How many salmon will it take to save the ecosystem?

California’s salmon are no longer able to migrate to complete their lifecycle—and that is taking a toll on entire ecosystems.

Over the past decade, Californians’ increasing use of groundwater from wells in the Russian River basin for agricultural and domestic uses has negatively impacted the streams flowing out of the basin. During dry years, some streams are too shallow for some salmon to complete their annual migration from the Russian River to the ocean.

“If they can’t make that journey, they’ll perish in these streams,” said Brian Kastl, a doctoral student in UC Berkeley’s Department of Environmental Science, Policy, and Management (ESPM), who is studying how stream depth affects the state’s salmon.

Salmon who can’t migrate remain in freshwater, where they die before completing their full lifecycle. That threatens the existence of hundreds of species that rely on salmon as a main source of nutrients. Kastl, who is in the second year of his doctoral program, is studying how maintaining the right stream depth in tributaries to the Russian River can help reverse the decline in the state’s coho salmon populations. 

Russian River coho, which can weigh up to 35 pounds, are recognizable by small spots on their backs and upper tail-fin lobe. The fish are native to California but also found in Alaska, Oregon, and Washington. Since 2005, they have been an endangered species along the Central California Coast.

“Stories describe indigenous people walking across streams on the backs of salmon because the salmon were so abundant,” said Kastl. “Now, even I—a researcher who regularly works in the streams—feel lucky to see an adult coho.”

Photo by Keane Flyn

Coho salmon can only complete their lifecycle by migrating to the ocean, where they fully mature into adults, thanks to the abundance of food in saltwater. The fish’s lifecycle begins in rivers, after they hatch from eggs. For the first three months, they reside in the nests where they’re born. They leave the nest as fry, which feed on small aquatic plants before they mature to the next stage, juvenile, where they measure about six inches and develop vertical markings on their bodies. A year after birth, they become smolt, with bigger scales, silver bodies and longer tails. As smolts, they start adapting to life in saltwater through osmoregulation, which controls water and salt concentration in their bodies. Smolts then travel to the ocean. After a year and a half in the ocean, they become adults. Their bodies then go through osmoregulation in reverse, this time to prepare for the return freshwater. Back in freshwater, the salmon spawn, releasing sperm and eggs on gravel beds.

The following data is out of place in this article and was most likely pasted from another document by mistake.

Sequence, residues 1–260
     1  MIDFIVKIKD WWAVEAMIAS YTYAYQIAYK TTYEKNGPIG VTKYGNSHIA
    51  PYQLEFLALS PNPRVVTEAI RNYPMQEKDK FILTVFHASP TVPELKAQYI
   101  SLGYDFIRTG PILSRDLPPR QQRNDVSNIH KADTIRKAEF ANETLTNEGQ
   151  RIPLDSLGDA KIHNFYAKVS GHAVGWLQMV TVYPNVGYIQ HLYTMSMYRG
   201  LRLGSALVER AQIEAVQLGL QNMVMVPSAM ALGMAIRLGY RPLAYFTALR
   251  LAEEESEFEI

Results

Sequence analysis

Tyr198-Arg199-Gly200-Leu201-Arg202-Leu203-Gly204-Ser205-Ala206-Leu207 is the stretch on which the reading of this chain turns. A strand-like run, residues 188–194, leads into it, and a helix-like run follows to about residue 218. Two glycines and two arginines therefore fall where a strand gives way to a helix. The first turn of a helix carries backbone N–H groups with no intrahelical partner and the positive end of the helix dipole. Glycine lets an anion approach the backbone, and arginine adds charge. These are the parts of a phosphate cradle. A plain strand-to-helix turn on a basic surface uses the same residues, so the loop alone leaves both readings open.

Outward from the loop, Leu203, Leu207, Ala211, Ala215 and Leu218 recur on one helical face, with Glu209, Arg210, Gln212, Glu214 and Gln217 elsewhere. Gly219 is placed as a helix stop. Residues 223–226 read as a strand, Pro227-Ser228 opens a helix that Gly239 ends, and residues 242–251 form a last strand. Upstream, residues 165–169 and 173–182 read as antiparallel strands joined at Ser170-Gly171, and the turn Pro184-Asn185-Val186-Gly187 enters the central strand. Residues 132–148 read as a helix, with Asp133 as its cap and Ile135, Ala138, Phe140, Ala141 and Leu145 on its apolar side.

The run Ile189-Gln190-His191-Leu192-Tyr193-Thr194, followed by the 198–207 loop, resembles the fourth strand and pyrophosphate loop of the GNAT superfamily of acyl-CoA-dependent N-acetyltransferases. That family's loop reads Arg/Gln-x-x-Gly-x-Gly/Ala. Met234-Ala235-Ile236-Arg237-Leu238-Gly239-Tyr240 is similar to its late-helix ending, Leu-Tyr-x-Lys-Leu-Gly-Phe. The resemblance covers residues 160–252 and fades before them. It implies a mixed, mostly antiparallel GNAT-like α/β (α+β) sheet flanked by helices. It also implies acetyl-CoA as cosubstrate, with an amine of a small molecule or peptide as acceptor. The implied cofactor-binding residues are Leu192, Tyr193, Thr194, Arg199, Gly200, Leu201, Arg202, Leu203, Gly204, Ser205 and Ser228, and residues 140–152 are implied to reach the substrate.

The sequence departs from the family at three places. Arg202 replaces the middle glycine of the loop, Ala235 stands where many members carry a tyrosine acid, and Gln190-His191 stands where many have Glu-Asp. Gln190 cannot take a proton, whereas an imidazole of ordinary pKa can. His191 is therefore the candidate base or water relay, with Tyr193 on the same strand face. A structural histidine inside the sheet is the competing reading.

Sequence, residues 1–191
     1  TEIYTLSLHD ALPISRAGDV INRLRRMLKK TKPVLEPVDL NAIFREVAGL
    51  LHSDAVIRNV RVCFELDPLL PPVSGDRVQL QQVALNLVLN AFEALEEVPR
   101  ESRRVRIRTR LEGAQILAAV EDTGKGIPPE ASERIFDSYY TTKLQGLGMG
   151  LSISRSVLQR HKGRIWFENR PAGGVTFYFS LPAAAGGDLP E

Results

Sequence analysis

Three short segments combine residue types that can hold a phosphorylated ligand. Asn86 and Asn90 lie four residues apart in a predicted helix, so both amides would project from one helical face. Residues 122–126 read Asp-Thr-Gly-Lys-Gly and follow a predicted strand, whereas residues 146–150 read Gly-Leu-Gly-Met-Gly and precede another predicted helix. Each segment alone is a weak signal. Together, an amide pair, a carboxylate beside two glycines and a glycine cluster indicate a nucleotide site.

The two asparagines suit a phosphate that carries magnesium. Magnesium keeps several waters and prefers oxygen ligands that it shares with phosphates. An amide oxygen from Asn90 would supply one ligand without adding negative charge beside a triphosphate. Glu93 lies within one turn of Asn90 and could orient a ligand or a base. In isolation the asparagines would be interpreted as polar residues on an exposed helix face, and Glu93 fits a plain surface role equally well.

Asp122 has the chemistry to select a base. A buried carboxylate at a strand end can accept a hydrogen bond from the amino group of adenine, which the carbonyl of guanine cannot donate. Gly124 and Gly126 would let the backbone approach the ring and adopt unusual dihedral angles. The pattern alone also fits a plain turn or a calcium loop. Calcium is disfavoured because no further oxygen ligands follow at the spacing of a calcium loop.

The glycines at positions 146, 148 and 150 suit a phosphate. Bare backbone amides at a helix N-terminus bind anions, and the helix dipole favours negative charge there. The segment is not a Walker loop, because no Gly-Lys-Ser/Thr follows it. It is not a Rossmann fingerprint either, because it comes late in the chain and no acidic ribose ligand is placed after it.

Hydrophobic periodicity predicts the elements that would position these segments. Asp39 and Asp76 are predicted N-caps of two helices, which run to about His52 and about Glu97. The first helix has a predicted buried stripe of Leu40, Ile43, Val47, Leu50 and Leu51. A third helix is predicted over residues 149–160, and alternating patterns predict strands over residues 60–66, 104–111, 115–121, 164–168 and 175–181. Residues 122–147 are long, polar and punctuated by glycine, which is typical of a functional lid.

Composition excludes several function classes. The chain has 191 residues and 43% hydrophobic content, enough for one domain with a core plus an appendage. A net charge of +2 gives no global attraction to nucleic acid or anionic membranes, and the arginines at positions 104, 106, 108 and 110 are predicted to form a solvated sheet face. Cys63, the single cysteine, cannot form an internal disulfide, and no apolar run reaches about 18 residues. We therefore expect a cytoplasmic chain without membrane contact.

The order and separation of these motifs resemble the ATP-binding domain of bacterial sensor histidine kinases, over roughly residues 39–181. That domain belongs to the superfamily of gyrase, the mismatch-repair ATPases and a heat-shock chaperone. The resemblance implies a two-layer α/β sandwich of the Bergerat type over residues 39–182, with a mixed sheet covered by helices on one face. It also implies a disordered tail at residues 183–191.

But coho who cannot migrate from the stream to the ocean as smolts can neither mature nor spawn and, as a result, their population declines.

Kastl said one of the main factors contributing to the coho’s massive decline is human use of stream water during the spring and summer. In the spring, the fish migrate towards the ocean and in the summer, juvenile salmon must survive in small stream pools. Landowners, including residential users, farmers, and other growers with water rights, divert surface waters from streams, sometimes lowering the stream depths dramatically.

According to a 2017 report by UC Davis Center for Watershed Sciences and CalTrout, a non-profit working on conserving wild fish, 100,000 to 300,000 coho salmon spawned in the California North Coast every year in the 1940s. Today, less than 5,000 make their way back to rivers to spawn.